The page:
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Developer Gene Carlisle's Planned Hotel/Condo in Downtown Memphis
 Receives 20 Year Tax Break Even though Project
 Includes Residential Component

By Jane Roberts, The Commercial Appeal, Memphis, Tenn.
Knight Ridder/Tribune Business News

Jan. 11, 2006 - Score another victory for Gene Carlisle, the Mid-South hamburger magnate who in 2007 intends to be building a 27-story condo/hotel at Beale and Riverside Drive.

Tuesday, the Center City Revenue Finance Commission granted the project a 20-year tax break -- five years more than customary -- saving Carlisle approximately $13 million in local taxes over the entire term.

"Board members felt that due to the great financial risk facing the developer, the project warranted an exception to the rule," said Jeff Sanford, president and CEO of the Center City Commission.

The tower will feature 168 hotel rooms on floors five through 10. Luxury condos, priced from $350,000 to $2 million, will finish out the tower, which will include underground parking.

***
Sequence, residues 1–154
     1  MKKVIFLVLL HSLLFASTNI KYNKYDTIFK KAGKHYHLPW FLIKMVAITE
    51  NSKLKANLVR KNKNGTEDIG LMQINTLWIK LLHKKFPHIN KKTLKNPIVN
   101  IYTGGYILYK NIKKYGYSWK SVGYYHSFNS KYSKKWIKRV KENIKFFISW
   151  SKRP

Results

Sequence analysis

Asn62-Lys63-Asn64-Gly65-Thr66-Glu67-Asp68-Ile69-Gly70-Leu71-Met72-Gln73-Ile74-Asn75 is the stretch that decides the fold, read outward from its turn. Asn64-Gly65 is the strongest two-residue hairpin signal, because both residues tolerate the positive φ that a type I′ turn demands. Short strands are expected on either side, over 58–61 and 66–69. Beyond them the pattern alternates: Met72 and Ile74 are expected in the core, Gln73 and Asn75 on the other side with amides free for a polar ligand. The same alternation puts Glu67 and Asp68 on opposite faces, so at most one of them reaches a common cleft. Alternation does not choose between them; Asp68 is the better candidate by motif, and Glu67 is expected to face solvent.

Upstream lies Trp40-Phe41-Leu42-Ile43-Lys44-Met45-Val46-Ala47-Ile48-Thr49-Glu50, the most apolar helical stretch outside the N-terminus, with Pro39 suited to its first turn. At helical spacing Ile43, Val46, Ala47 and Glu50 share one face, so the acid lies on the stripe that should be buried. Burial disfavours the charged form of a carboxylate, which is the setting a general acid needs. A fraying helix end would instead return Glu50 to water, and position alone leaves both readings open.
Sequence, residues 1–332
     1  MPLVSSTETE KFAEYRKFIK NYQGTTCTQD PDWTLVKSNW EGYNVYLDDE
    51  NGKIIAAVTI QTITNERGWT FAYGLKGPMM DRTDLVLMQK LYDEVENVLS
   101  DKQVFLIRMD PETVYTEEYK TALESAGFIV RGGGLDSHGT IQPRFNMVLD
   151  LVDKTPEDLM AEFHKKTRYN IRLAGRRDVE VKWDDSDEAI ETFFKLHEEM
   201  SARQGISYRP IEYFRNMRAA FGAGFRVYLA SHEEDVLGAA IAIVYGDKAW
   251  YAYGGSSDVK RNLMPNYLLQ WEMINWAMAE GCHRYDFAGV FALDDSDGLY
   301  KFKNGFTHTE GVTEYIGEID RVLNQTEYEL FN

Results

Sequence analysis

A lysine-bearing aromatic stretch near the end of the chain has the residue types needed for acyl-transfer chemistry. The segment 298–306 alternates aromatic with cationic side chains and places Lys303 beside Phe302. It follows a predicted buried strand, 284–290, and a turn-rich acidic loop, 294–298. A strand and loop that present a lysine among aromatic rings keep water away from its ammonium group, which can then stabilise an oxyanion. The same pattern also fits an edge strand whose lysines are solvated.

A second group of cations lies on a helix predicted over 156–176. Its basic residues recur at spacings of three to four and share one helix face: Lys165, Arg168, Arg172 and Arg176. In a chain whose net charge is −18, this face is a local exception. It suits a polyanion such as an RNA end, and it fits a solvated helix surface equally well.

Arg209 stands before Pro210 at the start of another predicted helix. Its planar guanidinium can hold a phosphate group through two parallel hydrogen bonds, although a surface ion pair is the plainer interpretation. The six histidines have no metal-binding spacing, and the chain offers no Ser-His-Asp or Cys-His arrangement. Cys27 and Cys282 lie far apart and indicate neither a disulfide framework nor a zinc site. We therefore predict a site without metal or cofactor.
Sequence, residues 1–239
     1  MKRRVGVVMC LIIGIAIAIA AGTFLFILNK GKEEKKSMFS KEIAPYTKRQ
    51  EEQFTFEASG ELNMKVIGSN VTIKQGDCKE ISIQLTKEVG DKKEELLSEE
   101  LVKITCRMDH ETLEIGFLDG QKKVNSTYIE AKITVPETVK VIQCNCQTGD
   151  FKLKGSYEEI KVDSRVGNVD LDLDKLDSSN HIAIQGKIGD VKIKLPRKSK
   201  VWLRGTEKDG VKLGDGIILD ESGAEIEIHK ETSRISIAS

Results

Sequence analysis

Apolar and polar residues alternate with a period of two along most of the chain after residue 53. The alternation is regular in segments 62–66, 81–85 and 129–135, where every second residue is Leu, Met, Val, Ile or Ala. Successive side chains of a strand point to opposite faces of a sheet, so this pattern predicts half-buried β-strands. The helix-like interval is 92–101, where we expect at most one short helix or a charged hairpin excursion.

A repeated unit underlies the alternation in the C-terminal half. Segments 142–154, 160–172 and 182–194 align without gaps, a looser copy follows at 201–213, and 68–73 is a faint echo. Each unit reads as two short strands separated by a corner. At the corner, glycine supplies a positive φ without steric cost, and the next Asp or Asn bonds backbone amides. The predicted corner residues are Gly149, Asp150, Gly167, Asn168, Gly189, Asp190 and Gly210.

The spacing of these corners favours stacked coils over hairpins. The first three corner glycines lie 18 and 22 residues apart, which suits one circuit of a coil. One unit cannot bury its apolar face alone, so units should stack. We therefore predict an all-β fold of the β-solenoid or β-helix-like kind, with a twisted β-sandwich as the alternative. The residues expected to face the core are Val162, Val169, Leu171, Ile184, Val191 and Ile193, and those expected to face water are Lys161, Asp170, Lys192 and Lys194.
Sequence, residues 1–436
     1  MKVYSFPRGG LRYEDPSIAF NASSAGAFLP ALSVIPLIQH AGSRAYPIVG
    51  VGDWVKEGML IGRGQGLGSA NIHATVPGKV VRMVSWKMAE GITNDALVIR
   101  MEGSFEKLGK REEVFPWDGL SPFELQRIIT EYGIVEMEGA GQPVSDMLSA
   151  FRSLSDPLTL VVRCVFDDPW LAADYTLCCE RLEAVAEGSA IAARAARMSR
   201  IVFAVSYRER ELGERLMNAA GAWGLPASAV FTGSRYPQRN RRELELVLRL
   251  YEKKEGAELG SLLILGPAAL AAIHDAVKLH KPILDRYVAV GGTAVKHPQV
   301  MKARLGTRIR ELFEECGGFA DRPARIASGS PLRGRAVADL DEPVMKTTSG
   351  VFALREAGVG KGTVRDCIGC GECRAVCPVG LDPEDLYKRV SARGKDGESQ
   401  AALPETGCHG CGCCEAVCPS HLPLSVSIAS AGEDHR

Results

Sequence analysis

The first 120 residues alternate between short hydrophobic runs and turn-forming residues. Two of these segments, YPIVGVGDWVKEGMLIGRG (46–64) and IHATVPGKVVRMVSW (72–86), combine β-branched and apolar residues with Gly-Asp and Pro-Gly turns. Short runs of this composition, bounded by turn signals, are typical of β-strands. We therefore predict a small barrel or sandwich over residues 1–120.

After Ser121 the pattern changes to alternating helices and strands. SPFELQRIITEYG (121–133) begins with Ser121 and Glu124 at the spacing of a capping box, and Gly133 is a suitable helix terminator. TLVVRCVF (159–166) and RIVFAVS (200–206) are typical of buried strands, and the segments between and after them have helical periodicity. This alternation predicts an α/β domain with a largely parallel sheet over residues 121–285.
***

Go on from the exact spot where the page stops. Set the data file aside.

Carlisle intends to begin the 24-month construction project in early 2007.

"Frankly, if we had been turned down, it would have been a real blow to us," he said. "I think the board members understood. We're giving them more than we are getting."

County and city taxes on the condos are expected to generate nearly $80-plus million a year, Sanford said.

But by state law, the payment-in-lieu-of-taxes incentive may only be granted to commercial projects, not residential projects.

While critics of the PILOT program say the city and county give too much away to court development, "this could be viewed as an investment to get the city and county an immediate property tax return," Sanford said.

Within a week or two, Carlisle plans to announce the name of the luxury hotel that will be the centerpiece of his vision.

The first floor will include a grand lobby, retail space, upscale restaurant and spa. Two floors will be dedicated to 75,000 square feet of Class A office space. The fourth floor will be reserved for meeting and conference rooms.

"We have a lot more steps, but today was a big one," said Carlisle, founder and owner of Carlisle Corp., which owns 90 Wendy's restaurants in the region.

"We've still got to get through the land use control board. And we've got to select a contractor, plus marketing and selling agents."


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Copyright (c) 2006, The Commercial Appeal, Memphis, Tenn.

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